Just ran across Clio:
Clio is dedicated to developing innovative American history projects that are designed to engage students, to assist educators and researchers, and to appeal to a wide public audience through documentary films, the World Wide Web, and other new media.
If you haven't seen these "Crash Course in World History" videos, you owe it to yourself to check them out immediately! I learned more about the Industrial Revolution in that 10 minute video than I did in a full college course.... or at least it was more memorable this way!
These videos are a brilliant example of how to engage 21st century learners:
You can now watch the keynote by Robert Stephens at the Minnesota e-Learning Summit in July. It's worth the time - he's got some strong opinions. Plus, he's funny!
(Thanks to Paul Wasco for the link!)
Last week, the Northern Lights team hosted 12 teachers to help us resolve the challenge of delivering supplemental classroom resources to teachers.
Questions we asked:
Staff from MHS attended the Minnesota e-Learning Summit last week. Not quite as big as ISTE, it was a smaller, local sharing of ideas and resources.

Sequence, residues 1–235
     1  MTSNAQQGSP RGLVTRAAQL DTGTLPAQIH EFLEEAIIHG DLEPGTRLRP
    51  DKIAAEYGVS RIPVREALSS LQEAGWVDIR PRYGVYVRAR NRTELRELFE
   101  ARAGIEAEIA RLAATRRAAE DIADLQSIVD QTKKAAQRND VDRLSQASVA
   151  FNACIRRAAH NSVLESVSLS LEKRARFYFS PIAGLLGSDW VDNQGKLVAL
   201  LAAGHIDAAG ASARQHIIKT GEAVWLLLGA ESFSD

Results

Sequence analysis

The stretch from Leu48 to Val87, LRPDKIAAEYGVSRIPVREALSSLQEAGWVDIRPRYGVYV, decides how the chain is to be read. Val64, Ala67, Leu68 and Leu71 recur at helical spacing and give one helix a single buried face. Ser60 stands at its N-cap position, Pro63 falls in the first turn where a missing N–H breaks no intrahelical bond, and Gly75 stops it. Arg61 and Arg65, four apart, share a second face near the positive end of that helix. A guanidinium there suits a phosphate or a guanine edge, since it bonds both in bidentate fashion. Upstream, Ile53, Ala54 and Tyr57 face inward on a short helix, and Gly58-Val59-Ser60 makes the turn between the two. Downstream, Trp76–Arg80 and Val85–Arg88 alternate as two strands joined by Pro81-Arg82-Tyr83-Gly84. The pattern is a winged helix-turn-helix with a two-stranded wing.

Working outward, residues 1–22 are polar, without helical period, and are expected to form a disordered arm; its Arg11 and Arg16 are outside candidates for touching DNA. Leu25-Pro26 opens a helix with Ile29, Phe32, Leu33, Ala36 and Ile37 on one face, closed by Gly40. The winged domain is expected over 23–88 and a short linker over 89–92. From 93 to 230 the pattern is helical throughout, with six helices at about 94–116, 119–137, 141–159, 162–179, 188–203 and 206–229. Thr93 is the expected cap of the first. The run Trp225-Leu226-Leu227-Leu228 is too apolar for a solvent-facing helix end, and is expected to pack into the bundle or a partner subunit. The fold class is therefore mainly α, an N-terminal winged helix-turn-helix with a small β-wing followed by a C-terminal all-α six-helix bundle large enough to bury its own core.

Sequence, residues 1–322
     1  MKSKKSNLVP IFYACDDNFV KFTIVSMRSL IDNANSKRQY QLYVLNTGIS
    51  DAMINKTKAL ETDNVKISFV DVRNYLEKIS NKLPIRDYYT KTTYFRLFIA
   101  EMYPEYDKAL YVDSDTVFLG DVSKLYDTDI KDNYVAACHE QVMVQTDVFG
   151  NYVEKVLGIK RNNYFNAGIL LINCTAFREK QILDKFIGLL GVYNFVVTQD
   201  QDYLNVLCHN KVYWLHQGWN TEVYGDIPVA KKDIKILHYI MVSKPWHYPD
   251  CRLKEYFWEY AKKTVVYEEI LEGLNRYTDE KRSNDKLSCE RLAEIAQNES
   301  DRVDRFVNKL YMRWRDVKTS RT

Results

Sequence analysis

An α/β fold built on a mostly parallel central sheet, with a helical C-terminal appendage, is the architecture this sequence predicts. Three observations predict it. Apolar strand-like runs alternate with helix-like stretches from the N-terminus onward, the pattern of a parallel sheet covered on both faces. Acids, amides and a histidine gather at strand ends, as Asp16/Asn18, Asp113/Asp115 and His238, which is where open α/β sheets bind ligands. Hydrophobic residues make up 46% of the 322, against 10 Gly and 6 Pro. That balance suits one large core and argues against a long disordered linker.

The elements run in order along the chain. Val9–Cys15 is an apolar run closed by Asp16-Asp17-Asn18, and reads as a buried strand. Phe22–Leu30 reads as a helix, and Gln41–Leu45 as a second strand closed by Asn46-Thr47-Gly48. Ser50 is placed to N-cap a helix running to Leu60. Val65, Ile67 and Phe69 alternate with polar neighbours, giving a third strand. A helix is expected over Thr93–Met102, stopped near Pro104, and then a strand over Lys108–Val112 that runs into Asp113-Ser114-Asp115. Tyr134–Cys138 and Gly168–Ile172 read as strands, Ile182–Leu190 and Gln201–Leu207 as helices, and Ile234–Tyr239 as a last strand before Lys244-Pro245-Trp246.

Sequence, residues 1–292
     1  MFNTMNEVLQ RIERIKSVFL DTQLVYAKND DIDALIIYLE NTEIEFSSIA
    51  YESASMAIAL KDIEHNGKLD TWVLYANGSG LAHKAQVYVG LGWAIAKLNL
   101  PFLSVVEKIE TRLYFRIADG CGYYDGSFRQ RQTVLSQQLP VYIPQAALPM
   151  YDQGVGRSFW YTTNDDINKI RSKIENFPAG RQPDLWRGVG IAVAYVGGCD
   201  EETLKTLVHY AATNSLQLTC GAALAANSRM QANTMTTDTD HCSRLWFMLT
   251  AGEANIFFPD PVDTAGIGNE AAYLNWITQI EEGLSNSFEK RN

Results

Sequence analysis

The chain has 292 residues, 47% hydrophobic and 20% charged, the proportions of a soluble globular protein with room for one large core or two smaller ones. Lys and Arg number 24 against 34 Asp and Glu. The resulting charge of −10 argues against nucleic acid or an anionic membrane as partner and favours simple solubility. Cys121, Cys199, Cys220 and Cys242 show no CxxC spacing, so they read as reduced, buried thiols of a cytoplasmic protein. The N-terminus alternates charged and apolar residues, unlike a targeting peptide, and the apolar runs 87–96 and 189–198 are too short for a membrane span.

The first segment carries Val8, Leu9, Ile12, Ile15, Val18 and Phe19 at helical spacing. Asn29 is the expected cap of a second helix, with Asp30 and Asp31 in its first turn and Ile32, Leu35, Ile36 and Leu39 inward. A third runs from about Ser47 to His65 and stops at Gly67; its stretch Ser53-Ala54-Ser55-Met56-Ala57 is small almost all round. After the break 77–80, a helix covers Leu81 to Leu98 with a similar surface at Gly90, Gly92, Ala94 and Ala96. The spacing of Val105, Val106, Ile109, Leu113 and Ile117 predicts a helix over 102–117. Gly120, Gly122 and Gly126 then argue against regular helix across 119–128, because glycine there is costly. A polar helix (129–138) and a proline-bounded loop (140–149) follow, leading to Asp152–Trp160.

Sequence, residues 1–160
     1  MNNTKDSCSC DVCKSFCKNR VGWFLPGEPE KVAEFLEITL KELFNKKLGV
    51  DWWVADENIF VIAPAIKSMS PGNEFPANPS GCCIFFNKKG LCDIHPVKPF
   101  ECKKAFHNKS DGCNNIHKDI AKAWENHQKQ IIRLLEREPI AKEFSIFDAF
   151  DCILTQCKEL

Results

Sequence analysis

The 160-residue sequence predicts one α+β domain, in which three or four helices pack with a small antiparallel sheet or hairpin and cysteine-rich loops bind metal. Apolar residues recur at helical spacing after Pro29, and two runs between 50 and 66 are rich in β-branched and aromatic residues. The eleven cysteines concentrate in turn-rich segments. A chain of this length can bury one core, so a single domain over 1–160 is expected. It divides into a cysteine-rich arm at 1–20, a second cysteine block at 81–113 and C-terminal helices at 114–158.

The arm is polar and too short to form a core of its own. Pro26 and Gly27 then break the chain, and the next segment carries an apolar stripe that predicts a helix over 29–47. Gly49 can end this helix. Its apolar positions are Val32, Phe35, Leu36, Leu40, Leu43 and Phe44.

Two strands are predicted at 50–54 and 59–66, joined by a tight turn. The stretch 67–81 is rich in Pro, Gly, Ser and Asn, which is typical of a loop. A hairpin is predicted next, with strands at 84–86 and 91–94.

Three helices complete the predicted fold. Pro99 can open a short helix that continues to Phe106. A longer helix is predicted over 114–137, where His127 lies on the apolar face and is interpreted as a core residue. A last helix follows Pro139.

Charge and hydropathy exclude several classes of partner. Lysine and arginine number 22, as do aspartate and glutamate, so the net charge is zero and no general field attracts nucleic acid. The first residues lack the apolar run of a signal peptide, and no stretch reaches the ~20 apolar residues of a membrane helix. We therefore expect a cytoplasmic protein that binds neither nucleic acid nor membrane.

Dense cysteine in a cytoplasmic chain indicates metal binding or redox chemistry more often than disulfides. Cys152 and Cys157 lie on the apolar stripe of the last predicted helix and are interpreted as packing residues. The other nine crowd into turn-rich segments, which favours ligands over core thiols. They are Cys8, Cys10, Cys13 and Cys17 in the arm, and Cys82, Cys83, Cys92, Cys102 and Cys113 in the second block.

We presented sessions about the development of the digital version of Northern Lights and about "History Live" - our interactive video conferencing project.
Attendees at the session about Northern Lights brought up many good questions and ideas about how others are developing digital texts.
Attending the ISTE (International Society for Technology of Education) Conference is, as many say, like drinking from a fire hose. This year, there were between 18,000 and 20,000 people attending the conference. It is a powerful learning experience.
Wendy Jones and Jennifer Sly, part of the team that is developing the History in Our Hands project, are featured in a video about the project.
The video was produced for the IMLS, which is funding the project through a National Leadership Grant.
We just spent four solid days talking about digital primary source with a group of amazing and inspiring teachers!